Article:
I thought, "You know what? I can give her an hour lecture that she can multitask while she's commuting to work." Then, I get so many complaints that I don't do enough podcasts that I started doing two a day so she has one on her hour commute home because I think deep down inside, if these people can listen to a hundred hours a year, of people like you, they'll be successful. Here's my question. When you walk into an office, every dental consultant will tell you that within one millisecond, if they smell that energy and wow, it's a million dollar practice. 

Did the Wow start with you at birth? Are you genetically hard wired to have high energy, a high intelligence, high integrity or is this something teachable? Right now, you're talking to seven thousand dentists. Most of them are mathematicians, scientists, cellular biologists and are probably right now, dreaming how many ATP come out of glucose on the crub cycle. Can you take a science-minded person like that and get them to deliver Wow?

Anissa: Absolutely.

Howard: Okay. Well, you got one hour to do it, you got one hour to do it. Tell me how you can make every dentist, one half as wow as you.

Anissa: Really, it starts with your vision and really that's where I start with all dentists or business owners that asked me how can they have this amazing culture. It starts with your vision. Really, it starts with even before that, the business cycle. The business cycle says that as the dentist, you are the owner. What is it that you want? What is it that you're trying to achieve? The business cycle says that the owner really must inspire the team. They must have a vision. They must inspire the team. The team now wows the customers. The customers grow the business and it goes back to the business owner and really, when you look at your vision, what is it that you want in life?

I know that people are really into their crowns and all of these stuff but is that really what gives you happiness? For me, what gives me happiness is spending time with my family, spending time with my friends. What I've learned is that my business is my vehicle to create an income that would allow me to achieve my personal dreams. Creating this culture in my business where we really looked at wowing our customers, making them happy, having amazing engaged team members as well. Next, really what you're working for? Yes, we deliver amazing dentistry but it's really more than that.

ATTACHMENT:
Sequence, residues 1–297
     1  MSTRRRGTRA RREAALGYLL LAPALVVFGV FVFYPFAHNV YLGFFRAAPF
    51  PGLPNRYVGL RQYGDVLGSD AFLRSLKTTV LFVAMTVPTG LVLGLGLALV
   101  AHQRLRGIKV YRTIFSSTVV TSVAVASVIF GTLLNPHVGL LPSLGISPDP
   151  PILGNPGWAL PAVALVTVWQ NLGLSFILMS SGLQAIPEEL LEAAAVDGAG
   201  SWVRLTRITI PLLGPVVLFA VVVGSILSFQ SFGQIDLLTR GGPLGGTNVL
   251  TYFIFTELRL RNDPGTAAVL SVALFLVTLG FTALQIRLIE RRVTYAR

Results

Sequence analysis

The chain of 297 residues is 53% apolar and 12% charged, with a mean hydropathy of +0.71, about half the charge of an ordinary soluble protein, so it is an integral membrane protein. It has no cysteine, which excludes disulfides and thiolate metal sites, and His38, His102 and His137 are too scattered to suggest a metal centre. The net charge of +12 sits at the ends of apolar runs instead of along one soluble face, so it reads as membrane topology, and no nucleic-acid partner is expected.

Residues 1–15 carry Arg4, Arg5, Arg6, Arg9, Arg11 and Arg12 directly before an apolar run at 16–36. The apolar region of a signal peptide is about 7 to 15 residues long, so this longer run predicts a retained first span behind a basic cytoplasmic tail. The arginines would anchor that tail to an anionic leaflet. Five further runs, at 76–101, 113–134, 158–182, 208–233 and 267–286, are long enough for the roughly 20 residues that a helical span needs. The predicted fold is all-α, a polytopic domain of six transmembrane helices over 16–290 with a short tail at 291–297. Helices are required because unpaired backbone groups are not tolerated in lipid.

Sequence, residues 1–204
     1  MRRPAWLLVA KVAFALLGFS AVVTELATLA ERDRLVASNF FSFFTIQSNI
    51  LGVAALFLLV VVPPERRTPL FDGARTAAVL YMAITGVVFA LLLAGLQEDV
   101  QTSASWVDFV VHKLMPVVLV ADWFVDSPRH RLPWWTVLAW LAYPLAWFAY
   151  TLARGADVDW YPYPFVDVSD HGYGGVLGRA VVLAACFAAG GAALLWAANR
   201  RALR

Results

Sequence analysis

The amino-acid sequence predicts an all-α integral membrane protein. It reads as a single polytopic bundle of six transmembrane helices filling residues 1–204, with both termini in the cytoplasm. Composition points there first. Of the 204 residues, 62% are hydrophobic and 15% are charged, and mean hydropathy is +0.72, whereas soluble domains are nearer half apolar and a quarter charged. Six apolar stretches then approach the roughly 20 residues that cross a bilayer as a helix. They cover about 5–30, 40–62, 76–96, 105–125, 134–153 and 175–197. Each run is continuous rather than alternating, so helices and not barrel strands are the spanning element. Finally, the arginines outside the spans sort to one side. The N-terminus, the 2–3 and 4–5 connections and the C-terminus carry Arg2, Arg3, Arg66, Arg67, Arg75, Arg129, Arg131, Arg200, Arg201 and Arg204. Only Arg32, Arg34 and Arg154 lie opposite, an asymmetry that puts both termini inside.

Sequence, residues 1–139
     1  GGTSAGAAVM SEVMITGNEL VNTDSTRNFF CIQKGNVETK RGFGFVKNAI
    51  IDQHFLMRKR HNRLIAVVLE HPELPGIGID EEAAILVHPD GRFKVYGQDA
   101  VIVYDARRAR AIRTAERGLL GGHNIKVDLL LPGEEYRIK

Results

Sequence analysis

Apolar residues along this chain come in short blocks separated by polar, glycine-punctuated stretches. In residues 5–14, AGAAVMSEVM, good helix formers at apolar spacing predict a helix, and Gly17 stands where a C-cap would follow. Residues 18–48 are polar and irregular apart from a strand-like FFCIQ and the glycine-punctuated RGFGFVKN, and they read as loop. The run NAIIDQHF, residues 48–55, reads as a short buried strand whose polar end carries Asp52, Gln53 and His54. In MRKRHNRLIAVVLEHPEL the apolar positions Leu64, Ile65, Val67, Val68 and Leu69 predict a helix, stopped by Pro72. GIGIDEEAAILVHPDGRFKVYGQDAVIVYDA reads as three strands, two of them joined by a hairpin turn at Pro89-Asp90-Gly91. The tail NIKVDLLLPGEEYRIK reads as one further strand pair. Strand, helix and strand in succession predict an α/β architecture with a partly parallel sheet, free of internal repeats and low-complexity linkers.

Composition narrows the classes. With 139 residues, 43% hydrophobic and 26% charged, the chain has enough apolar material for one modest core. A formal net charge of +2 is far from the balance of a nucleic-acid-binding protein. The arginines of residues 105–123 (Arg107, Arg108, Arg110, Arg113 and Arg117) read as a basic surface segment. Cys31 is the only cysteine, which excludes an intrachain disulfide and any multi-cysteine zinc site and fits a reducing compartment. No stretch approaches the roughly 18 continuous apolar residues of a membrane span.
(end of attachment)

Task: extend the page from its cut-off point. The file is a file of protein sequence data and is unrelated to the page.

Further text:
Howard: Everybody knows a practice doing a million dollars a year, the dentistry is horrible. Patients don't know if the root canal is good or not. They know if they like you. They know if you listen to them. If you want to have an amazing sports team, you need amazing players. I truly believe that eighty percent of winning the game is attracting and retaining a great staff. Talk about that. How do you pick staff? Because I know how dentistry, the resume, "Oh well, she had a 4.0 in hygiene school and she won the Hugh Friedy Golden Scaler Award so I will hire her." 

Then, it's like some introvert geek afraid of its own shadow. How do you attract and retain and develop a culture of fun people who deliver wow? By the way, that's the name of your website. Your dental office is jamaicasmiles but her website is When I keep saying, "Delivering Wow," that's the brand I think of. When I see your picture, I always think of wow, Delivering Wow. How do you develop this team of wow?

Anissa: Again, it starts with your culture. We put some things in place. We put in our core values and our core values really are what we stand for, what our company is all about. A few of our core values are deliver a wow experience every time and that means that anybody that works for our company knows that really, that's our mission. That's what we're there to do. We're there to serve our customers. A few of our other core values are think big, really, really big and have fun and we do. We have fun at work. It's a great environment. We all love going to work. We love wowing our customers.

A few of our other core values are build stronger communities and we're really known in our community for giving back. Every month, we have a different charity that we donate proceeds from new patient exams to. We're known in our community as really being very charitable and giving back. A few of our other ones are pursue growth and learning. Our team members, when we recruit them, know that that's very, very important to us. We have a Lunch and Learn every Thursday where we actually close the office. I bring in lunch and we do different things. Sometimes, we're talking about dental procedures and what we're doing so the team can better understand. 

Sometimes we're doing scripting. Sometime we're looking at how can we better serve our customers and by having all of these things, these core values in place, any new team member, they know what sort of company that they're going to. Even with the growth and learning, all of my team members have Kindles and so we have a monthly book club and we're constantly just trying to get better and better. We know that we're not at where we can be. We can always stretch our arms up a little bit higher and really, that culture of the practice and also our core values.